If you are looking for software to run elections digitally for your club or association, then we recommend investigating either SurveyMonkey or Google Forms to see if they meet your needs. They both are easy to set up, offer free plans and are both widely supported. There are a lot of resources available online on how to use them. Here are two links to get you started.
If neither of the above meet your election needs then the alternative is to purchase an off the shelf software such as Big Pulse Voting, SimplyVoting, Electionbuddy and Opavote which specialize in voting. Many of these off the shelf software packages do cost money and may require some support with the software vendor to set it up successfully.
WORKING FROM HOME (WFH)
- Consult your IT support provider if your organisation has one. We recommend you connect with them for remote access procedures and policies. They are best suited to provide accurate information as they know your technology setup and should have this documented.
- Ensure your WIFI internet connection is secure. While most internet setups are configured correctly and secure, some older installations might not be, which means people in the near vicinity can snoop your traffic.
- Ensure your laptop has current antivirus and is up to date with security patches. Where possible try to use your allocated work laptop which should be maintained by your organisation’s IT support provider and should be up to date with antivirus and security patches.
- Cybersecurity should be at the forefront when working remotely. Many probably won’t have perimeter security that your office setup usually provides in terms of a business-grade firewall and other threat management solutions.
Users should be extra vigilant especially around email and phishing attacks. Scammers are already using the Covid-19 pandemic to disguise attacks. Look out for any suspicious links that may be sent to you. If you weren’t expecting an email that has a link, then best to contact the sender to see if its legitimate before opening.
- Implement 2-factor authentication for extra security. This allows for an extra layer of authentication which is usually through an SMS code. Discuss this with your IT support provider.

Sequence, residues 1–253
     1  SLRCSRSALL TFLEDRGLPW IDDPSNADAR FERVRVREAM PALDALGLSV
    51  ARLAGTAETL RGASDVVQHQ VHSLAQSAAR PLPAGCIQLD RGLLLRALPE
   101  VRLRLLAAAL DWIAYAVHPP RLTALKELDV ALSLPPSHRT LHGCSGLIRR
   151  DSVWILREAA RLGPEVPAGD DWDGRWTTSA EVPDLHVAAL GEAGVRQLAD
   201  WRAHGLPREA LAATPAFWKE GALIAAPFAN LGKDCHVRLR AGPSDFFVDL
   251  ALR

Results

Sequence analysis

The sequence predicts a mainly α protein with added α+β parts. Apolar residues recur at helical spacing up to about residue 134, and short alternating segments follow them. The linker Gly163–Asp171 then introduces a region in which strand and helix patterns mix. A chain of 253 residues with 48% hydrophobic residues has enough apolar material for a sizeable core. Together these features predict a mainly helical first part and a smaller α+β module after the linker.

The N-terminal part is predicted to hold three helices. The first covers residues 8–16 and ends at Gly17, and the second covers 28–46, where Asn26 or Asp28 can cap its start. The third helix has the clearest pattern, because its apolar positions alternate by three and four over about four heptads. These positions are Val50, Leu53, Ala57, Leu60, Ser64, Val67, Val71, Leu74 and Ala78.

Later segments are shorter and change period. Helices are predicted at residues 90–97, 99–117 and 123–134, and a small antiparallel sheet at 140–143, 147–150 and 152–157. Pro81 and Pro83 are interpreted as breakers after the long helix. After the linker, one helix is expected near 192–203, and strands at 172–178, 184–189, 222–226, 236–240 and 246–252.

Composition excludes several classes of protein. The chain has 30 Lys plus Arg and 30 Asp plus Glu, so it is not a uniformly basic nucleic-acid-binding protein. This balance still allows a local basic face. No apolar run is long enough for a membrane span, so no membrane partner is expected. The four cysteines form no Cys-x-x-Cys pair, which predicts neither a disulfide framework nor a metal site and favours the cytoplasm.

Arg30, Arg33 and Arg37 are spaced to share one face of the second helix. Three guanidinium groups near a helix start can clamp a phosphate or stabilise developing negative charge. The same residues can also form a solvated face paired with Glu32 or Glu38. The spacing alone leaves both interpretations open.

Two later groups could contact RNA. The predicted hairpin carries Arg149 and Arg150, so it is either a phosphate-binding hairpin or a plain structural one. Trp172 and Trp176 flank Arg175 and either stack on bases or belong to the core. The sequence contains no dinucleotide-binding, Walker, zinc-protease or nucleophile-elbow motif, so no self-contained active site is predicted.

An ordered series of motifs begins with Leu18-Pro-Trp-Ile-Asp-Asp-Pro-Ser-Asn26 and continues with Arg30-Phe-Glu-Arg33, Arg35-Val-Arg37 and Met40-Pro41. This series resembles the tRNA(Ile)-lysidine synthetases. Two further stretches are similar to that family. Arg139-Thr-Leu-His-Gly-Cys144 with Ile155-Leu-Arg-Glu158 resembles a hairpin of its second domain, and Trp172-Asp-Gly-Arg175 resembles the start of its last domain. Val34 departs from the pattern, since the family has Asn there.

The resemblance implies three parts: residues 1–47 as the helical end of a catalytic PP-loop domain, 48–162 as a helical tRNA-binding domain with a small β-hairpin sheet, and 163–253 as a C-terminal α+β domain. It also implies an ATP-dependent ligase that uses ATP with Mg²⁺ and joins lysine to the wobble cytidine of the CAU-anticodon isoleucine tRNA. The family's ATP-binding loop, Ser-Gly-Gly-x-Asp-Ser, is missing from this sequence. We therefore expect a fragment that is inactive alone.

- Make sure you backup data regularly either to a USB drive or to a cloud service. Users could fall foul of ransomware for instance. Then all is lost without a backup.
- Many partners have a data storage system. Some may use shared drives and others, cloud services. If you need to share files while working remotely then recommend a cloud-based collaboration tool. Recommend Microsoft Office 365 and using the OneDrive storage feature. Other solutions include Google Drive or Dropbox. Google Drive and Dropbox both have a free version. Microsoft Office 365 only has a free version if you are a registered Not for Profit organisation.
- A virtual or web meeting lets you connect with any laptop, tablet or phone with a camera to join a conference call. Working remotely feels more connected with a virtual meeting. All you need is a reliable internet connection. Even if it weren’t for Covid-19, it’s the foundation of future of business collaboration and you should be using it regardless. There are many of options out there. We recommend Microsoft Teams (replacing Skype for business) Other solutions include Zoom, WebEx, Slack and Google Hangouts. All except Google Hangout has a free version but you can trial Google Hangout for 14 days.
- Refer to Working from home (WFH) guidelines (PDF 1.8MB) for more tips.
- If you require some advice on remote access and your organisation does not have an IT support provider then contact Business Capability Consultant – Technology via email firstname.lastname@example.org
These templates are to help organisations manage the use of technology . The templates cover general acceptance and use of various technology components which are common to many organisations. These templates should be used as a guideline and customised appropriately to better meet your organisation’s needs.